Long-Term Benefits from Investments: Fitch expects the capacity expansions in Sunshine’s power and dairy segments to stabilise its cash flows in the long term by reducing the share of contribution from the volatile tea and palm oil businesses. We estimate that the contributions to EBITDA from the power and dairy segments to exceed LKR190 million once the increased capacity goes into operation by FYE19.
Balance-Sheet Strength Intact: Fitch expects Sunshine to maintain its net leverage at below 1.5x over the medium term (FY17: 0.8x) despite short-term operational pressures. Our view is supported by our expectations of steady EBITDA generation, capex reduction from FY19 and already low group debt. Fitch views the structural subordination of the holding company to be limited, given the low net debt at the main operating subsidiaries.
Rating Sensitivities Amended: Fitch believes that a leverage metric net of cash is more appropriate than a gross leverage metric to assess Sunshine’s financial risk, because we now expect the company to maintain a conservative approach when deploying its significant cash balance in investments and expansions. However the agency has also tightened Sunshine’s negative rating sensitivities on leverage and fixed charge cover as described below, in order to capture the higher regulatory risks associated with the pharmaceuticals business, which is a key driver of Sunshine’s ‘A(lka)’/Stable rating.
Sunshine and its close peer Richard Pieris & Company PLC (RPC, A(lka)/Stable) are both exposed to the volatile plantation segments However we believe RPC has a stronger business risk profile, stemming from sizeable cash flows from its defensive grocery retail business and larger operating scale, compared with Sunshine’s pharmaceutical and fast-moving consumer goods businesses. However RPC has higher financial risk than Sunshine, which results in both companies being rated at the same level.
Hemas Holdings PLC (AA-(lka)/Stable) is rated two notches above Sunshine to reflect its stronger business risk profile with greater exposure to defensive end-markets and a larger operating scale, as well as its conservative financial profile.
Lion Brewery (Ceylon) PLC (A+(lka)/Negative) is rated one notch above Sunshine because it has stronger EBITDA margins from its dominant market position in the local beer manufacturing industry, which benefits from high entry barriers.
Singer (Sri Lanka) PLC (A-(lka)/Stable) is a leading consumer durables retailer and has larger operating scale than Sunshine, but its cash flows are more volatile during economic downturns, and it has significantly higher leverage than Sunshine, which results in a lower rating.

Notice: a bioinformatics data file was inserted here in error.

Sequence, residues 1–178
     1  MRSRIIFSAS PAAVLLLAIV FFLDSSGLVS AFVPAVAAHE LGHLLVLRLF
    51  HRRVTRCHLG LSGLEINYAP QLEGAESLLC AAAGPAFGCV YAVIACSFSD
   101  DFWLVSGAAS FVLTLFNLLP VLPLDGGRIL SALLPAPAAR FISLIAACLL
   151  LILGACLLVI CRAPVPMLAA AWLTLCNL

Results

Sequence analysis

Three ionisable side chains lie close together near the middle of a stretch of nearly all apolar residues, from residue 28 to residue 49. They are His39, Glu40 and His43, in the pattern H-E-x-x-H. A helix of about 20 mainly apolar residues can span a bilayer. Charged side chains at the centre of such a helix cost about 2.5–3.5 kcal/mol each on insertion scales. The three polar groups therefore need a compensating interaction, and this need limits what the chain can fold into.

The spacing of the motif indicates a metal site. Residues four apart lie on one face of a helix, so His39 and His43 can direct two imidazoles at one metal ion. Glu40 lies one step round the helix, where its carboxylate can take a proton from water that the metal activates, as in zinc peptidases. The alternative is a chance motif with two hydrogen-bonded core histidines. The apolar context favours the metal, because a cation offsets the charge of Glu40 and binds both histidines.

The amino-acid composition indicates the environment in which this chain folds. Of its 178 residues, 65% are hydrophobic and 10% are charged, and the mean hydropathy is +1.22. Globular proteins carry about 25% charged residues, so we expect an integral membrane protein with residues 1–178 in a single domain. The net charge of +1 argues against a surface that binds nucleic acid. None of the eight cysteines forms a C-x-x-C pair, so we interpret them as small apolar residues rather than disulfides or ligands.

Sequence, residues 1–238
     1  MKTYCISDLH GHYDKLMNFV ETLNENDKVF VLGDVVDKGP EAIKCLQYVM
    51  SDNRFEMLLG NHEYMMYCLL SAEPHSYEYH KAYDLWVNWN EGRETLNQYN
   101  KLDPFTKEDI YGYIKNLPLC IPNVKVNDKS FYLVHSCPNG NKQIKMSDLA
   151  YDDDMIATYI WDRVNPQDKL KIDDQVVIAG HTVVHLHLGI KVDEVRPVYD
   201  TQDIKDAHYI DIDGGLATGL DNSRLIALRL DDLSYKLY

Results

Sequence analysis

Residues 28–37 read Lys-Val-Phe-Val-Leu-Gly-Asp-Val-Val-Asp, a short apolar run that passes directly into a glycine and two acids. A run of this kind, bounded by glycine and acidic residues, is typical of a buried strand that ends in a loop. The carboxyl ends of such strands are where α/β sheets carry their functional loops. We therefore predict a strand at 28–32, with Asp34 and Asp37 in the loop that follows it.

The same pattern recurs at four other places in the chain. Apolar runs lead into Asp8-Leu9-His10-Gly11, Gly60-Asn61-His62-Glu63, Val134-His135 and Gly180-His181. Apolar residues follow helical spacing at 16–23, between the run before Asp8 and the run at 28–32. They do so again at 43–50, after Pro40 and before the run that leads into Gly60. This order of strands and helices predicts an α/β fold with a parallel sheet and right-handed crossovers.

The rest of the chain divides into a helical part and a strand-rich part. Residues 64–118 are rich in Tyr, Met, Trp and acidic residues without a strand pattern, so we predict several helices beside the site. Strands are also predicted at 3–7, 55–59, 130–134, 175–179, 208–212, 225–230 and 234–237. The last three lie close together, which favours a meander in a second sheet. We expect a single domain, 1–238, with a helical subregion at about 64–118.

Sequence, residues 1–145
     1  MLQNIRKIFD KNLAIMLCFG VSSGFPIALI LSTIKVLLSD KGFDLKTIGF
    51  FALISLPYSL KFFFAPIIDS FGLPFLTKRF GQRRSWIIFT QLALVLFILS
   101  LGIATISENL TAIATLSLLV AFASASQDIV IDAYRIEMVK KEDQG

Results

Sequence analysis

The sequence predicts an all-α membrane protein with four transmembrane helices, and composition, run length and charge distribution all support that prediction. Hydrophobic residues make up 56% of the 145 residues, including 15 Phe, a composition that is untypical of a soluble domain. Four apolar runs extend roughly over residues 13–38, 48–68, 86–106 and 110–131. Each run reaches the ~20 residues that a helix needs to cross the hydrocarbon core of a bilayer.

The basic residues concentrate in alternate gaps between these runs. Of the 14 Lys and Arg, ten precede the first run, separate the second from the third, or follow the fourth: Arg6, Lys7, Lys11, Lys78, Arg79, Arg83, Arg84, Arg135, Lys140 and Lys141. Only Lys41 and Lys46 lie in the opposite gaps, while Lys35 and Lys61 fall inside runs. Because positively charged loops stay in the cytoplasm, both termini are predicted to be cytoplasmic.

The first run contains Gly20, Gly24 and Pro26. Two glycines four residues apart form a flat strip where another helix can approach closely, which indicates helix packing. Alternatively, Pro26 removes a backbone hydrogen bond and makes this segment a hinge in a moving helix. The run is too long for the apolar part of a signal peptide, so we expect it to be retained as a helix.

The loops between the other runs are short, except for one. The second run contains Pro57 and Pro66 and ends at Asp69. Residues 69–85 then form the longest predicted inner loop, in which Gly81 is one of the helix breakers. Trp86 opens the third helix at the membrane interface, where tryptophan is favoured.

Fitch’s key assumptions within the rating case for Sunshine include:
– Revenue growth to slow down in FY18 to low single-digit levels due to price controls in the pharmaceuticals segment and to recover gradually to mid-single digits over the next two years. Recovery will be driven primarily by the expanding palm oil business, the expected rebound in pharmaceuticals, and growing contributions from the diagnostics and healthcare retail segments
– EBITDAR margins to be maintained in the low double digit range over FY18-21 despite challenges faced by the pharmaceuticals and tea planation segments
– Capex of LKR4.5 billion over FY18-21 for expansion across the board
– Sunshine to maintain its current dividend policy
Developments that May, Individually or Collectively, Lead to Negative Rating Action
– A sustained increase in Sunshine’s lease-adjusted debt net of cash/EBITDAR (including proportionate consolidation of EMSPL) over 1.5x (FY17: 0.8x)
– Sunshine’s EBITDAR coverage of gross interest + rent (including proportionate consolidation of EMSPL) falling below 3.0x (FY17: 4.3x) on a sustained basis
– Adverse impact on growth and profitability arising from sustained regulatory pressure in the healthcare and agriculture segments
Developments that May, Individually or Collectively, Lead to Positive Rating Action
– No positive rating action is expected in the next 12-18 months given the regulatory risks in the pharmaceuticals segment, cyclical risks of the commodity business and execution risks associated with new business ventures
Satisfactory Liquidity: As at end-FY17, Sunshine had LKR1.9 billion of unrestricted cash and LKR2.9 billion in unutilised credit facilities to meet LKR358 million of contractual maturities falling due in the next 12 months. This places Sunshine in a comfortable liquidity position that will be adequate to meet the company’s capex and dividend payout requirements for FY18.
(COLOMBO, November 16, 2017)